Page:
I’m pleased to see that at least one Japanese company has decided to stop selling dog treats made from endangered fin whales. WDC, working with other NGOs (The Animal Welfare Institute, AWI); Environmental Investigation Agency, EIA and the Iruka & Kujira [Dolphin & Whale] Action Network, IKAN) exposed the fact that Icelandic whaling company Hvalur hf was exporting fin whale meat to Japan where it was made into pet treats. Icelandic fin whale has been sold in Japan for human consumption since 2008, but its use in pet food suggests that new markets are being explored.
Within hours of our press release, one of the companies highlighted, Michinoku Farms, removed the products from sale. Michinoku had been offering the dried fin whale pet treats in various package sizes: 60 grams for ¥609 (US$5.97/£3.89); 200g for ¥1680 (US$16.49/£10.74) and 500g for ¥3780 (US$37.13/£24.18). The product description identified the meat as being fin whale of Icelandic origin.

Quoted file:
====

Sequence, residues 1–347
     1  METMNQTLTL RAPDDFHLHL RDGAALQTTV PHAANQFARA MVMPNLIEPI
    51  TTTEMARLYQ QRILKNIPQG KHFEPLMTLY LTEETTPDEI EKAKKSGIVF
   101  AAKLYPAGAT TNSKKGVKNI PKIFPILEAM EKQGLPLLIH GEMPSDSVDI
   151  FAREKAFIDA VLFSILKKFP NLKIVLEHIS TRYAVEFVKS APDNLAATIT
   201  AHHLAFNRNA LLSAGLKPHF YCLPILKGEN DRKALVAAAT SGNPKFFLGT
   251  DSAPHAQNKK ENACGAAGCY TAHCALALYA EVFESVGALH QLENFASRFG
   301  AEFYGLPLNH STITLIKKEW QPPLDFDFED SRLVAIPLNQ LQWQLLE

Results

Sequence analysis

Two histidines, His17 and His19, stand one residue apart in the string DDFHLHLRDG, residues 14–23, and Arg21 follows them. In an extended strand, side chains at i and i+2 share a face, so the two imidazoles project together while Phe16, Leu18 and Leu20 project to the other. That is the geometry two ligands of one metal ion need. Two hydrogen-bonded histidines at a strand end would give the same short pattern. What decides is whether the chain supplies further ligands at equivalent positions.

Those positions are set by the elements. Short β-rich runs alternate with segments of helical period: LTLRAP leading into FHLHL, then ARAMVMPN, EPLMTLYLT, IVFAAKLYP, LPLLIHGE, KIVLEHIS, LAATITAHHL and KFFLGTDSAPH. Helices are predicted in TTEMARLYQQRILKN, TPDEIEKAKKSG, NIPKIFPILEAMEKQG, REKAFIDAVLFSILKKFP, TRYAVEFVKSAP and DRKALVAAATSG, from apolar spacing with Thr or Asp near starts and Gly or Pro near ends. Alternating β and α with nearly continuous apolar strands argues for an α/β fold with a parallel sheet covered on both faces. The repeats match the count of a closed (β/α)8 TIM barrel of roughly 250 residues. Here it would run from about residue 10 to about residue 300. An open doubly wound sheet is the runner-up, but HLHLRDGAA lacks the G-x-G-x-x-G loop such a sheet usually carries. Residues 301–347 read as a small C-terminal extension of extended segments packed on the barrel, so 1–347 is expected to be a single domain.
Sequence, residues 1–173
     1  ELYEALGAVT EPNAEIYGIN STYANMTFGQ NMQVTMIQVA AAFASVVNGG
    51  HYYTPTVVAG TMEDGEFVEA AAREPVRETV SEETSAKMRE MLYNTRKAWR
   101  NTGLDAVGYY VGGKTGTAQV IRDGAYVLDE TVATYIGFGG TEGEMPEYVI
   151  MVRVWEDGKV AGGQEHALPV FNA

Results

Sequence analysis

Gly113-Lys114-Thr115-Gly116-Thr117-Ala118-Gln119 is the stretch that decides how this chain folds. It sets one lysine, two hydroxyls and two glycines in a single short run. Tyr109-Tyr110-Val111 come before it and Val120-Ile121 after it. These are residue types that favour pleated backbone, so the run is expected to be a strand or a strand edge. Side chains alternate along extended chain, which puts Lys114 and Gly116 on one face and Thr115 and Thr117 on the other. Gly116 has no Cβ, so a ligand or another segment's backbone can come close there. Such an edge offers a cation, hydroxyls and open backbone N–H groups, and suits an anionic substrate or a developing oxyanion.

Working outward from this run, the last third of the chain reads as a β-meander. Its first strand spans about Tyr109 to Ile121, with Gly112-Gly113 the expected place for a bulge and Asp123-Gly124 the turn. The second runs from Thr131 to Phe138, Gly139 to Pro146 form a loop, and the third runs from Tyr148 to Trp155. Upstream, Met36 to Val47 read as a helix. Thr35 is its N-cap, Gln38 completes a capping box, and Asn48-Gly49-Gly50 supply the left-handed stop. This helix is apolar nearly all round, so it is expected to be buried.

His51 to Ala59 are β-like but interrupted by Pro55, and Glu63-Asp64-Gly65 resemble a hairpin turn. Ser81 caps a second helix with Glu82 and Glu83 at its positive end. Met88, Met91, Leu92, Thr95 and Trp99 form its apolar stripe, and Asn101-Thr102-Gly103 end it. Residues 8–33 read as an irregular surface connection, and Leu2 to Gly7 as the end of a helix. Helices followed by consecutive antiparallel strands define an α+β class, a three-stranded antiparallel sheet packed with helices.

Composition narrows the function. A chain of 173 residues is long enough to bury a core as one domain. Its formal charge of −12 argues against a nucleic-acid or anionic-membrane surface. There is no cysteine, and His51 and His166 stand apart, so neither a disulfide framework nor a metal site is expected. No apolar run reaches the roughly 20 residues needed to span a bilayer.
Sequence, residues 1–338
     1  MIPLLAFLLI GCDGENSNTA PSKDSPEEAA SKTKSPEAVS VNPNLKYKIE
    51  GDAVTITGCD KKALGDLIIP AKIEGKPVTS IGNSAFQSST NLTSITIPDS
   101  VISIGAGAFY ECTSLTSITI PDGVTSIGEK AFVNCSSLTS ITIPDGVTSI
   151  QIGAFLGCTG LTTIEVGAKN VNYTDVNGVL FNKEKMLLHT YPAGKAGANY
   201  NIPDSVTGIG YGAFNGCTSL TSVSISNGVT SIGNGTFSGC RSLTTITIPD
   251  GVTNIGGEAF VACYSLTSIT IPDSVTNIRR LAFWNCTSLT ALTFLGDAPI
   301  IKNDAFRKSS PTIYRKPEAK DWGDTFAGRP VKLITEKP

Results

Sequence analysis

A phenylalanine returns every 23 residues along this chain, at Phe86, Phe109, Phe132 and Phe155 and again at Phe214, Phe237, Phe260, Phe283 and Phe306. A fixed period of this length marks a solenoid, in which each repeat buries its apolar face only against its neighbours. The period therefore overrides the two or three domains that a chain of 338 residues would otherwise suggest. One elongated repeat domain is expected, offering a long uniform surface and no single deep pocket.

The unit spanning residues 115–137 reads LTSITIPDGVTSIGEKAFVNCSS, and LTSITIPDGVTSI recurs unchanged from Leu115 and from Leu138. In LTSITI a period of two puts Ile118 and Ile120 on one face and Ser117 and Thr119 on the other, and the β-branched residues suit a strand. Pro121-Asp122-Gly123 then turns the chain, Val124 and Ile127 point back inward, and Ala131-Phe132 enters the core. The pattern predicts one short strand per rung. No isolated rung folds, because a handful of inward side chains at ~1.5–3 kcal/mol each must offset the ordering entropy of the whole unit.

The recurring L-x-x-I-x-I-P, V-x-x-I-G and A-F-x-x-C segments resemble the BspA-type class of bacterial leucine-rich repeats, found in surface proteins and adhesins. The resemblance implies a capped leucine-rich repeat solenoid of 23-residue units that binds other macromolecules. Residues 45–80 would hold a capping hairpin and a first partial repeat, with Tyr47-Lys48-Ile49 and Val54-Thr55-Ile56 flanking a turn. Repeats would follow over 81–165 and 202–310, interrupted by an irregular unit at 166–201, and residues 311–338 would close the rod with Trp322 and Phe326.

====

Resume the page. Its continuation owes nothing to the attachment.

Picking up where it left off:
Takuma Konno, President of Michinoku Farms commented: “Maybe I was ignorant of the debate (about whaling), but it’s not worth selling the product if it risks disturbing some people”
WDC warmly applauds this decision; however, it may not be the grand, altruistic gesture on behalf of whale conservation that it might initially appear. As is the case with sales of whale meat for human consumption in Japan, it appears that the market for Icelandic whale meat pet treats is poor. For example, in mid-April this year, the Dingo pet store in Tokyo dropped prices on the 200g package of the Icelandic whale pet snack from ¥1680 to ¥1470 (US$14.45/₤9.40) labelling the product as a “bargain article.” In addition, Rakuten, the massive Japanese e-commerce website which owns Play.com, was selling the Michinoku Farms Icelandic fin whale meat dog treats in 50g and 250g packages, again at discounted prices.